Editor’s Note: September 2011

September 1, 2011

Joel Bakan is a man of many talents. An internationally regarded legal scholar who teaches law at UBC, he plays jazz guitar, often accompanying the singer and actor Rebecca Jenkins, to whom he’s married. But he’s probably best known as the author of The Corporation, the 2004 nonfiction bestseller in which he argues that a corporation, deemed by law to be a person, has the personality of a psychopath, and that it’s dangerous to have allowed psychopaths, in our global age, to wield great power over human affairs. The book, which has been published in 23 countries, also spawned a documentary, which has won many awards and been shown the world over. In his new book, Childhood Under Siege, he laments the many ways in which corporations specifically target children.

Like such anti-corporate crusaders as Naomi Klein and Morgan Spurlock, Bakan has his detractors. But he’s not easy to dismiss. He’s not a communist, and he’s not a noisy, confrontational zealot like Michael Moore. “I’m a social democrat,” he says. “Markets have a place in society—but not at the expense of democracy, health care, and, of course, the protection of our children.” He’s a Lansing, Michigan-born Rhodes Scholar, with law degrees from Oxford, Dalhousie, and Harvard, who clerked for a chief justice of the Supreme Court of Canada and who articulates his views with thoughtful, reasoned clarity. Of the Stanley Cup aftermath, he says, “The riot wasn’t new, but the surveillance was. I don’t think we’ve fully digested that we’re under constant surveillance, not by the government but by one another.” What most disturbed him were not torched cars and smashed windows, but people’s vigilante-like eagerness to “throw out basic principles of justice—evidence, presumption of innocence, due process—based on a photo on the internet.”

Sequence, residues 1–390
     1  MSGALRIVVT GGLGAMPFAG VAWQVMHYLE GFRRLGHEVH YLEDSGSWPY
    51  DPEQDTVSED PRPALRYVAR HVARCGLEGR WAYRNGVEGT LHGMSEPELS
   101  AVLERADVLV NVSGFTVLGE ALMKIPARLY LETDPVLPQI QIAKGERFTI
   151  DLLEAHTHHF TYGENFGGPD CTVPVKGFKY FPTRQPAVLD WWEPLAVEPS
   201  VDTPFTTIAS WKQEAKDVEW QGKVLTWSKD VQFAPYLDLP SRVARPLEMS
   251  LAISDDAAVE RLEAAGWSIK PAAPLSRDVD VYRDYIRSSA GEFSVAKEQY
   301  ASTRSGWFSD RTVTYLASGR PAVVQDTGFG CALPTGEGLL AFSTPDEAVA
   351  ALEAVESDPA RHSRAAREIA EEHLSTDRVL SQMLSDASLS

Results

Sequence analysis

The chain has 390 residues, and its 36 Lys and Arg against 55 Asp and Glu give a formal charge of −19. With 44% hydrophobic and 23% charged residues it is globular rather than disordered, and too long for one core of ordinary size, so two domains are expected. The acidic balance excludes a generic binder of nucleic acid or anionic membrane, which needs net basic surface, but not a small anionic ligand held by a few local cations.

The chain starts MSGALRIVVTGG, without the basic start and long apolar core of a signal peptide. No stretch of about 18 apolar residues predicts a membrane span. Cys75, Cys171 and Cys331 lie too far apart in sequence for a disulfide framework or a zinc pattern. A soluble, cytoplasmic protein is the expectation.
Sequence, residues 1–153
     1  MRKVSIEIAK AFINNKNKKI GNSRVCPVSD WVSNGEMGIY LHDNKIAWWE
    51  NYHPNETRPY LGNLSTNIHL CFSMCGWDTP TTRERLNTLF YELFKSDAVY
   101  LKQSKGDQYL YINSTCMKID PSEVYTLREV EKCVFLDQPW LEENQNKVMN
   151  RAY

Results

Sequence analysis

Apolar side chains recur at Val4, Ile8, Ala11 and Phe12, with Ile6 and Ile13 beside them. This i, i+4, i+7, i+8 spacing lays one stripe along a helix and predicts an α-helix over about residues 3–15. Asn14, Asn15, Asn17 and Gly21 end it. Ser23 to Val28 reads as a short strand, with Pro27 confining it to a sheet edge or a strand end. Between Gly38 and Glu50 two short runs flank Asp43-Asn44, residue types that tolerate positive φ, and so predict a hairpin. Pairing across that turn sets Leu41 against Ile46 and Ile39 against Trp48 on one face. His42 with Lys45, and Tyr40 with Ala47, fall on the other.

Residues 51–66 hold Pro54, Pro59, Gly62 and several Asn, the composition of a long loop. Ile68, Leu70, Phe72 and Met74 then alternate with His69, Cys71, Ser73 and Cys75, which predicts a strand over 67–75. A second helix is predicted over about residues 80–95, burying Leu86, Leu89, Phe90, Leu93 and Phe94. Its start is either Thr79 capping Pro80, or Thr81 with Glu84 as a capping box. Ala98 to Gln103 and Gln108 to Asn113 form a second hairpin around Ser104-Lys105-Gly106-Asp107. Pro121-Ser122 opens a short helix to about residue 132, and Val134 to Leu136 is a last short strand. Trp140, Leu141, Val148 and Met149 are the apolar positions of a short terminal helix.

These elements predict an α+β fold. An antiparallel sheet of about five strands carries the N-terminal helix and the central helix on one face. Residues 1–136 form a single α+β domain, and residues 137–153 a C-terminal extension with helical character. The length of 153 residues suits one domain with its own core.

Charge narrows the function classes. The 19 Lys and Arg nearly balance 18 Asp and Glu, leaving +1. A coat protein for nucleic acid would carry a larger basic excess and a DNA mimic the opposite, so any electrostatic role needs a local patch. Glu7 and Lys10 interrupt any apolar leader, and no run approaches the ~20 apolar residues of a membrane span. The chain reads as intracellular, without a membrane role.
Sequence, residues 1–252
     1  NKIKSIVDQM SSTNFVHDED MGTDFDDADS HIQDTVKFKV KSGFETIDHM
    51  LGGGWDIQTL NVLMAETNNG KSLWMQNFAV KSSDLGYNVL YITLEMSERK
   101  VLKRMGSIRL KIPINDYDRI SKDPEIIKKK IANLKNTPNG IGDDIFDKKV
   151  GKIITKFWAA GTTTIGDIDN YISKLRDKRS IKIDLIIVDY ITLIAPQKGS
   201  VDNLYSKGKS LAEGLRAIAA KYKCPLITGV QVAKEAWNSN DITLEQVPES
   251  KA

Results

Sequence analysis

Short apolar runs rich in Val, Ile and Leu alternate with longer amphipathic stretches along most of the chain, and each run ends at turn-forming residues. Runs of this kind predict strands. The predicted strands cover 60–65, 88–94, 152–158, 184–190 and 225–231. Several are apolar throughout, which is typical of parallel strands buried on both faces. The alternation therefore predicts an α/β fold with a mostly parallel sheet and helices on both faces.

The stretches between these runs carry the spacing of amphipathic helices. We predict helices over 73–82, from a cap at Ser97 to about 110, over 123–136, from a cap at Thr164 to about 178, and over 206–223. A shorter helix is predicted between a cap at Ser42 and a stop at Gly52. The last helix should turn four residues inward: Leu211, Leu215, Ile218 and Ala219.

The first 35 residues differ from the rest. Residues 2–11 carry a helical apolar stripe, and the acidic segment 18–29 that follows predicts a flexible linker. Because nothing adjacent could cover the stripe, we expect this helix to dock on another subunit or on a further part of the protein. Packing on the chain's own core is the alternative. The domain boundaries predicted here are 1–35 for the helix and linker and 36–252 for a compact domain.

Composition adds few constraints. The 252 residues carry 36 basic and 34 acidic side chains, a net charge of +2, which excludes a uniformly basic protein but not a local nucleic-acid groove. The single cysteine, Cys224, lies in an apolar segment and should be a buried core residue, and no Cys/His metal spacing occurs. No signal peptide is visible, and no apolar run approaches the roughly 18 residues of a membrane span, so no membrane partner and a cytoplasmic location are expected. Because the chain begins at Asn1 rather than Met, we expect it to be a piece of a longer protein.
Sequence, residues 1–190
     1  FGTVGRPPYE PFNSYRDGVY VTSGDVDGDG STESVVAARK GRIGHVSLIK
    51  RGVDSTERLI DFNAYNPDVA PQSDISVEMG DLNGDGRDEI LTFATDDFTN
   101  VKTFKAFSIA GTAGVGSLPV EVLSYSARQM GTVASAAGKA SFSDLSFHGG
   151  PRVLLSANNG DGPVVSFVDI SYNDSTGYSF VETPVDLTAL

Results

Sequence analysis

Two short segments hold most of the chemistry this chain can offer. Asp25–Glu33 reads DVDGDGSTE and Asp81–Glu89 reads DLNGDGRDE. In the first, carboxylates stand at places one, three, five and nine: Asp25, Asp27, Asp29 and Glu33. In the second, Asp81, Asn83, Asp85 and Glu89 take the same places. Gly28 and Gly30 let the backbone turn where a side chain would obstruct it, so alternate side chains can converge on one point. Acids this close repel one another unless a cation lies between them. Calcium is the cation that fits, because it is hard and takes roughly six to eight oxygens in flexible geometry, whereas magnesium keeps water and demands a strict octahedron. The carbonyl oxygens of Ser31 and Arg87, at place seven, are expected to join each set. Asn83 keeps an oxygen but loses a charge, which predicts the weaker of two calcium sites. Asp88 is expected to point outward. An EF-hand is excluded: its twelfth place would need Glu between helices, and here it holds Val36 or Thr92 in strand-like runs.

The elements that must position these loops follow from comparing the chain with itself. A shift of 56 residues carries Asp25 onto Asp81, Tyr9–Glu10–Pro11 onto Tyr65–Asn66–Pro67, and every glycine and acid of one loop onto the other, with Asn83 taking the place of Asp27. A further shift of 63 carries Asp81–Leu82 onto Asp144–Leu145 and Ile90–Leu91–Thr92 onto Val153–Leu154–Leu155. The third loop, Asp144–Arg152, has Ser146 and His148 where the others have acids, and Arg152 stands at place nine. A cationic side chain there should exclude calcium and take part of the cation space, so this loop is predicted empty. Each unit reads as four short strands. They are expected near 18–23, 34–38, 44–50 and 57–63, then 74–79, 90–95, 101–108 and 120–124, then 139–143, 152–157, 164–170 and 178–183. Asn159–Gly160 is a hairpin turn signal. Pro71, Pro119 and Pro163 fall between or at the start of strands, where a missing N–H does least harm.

Toward the web he’s ambivalent. Its humanistic potential will ultimately, he fears, be trampled by the pursuit of profit—as happened with another revolutionary medium, television. “Social networks have played a key role in mobilizing democratic movements,” he says, “but their focus is increasingly on brands, consumerism, and marketing." To see what Joel Bakan thinks of the way corporations target children, click here to read the full Q&A article.

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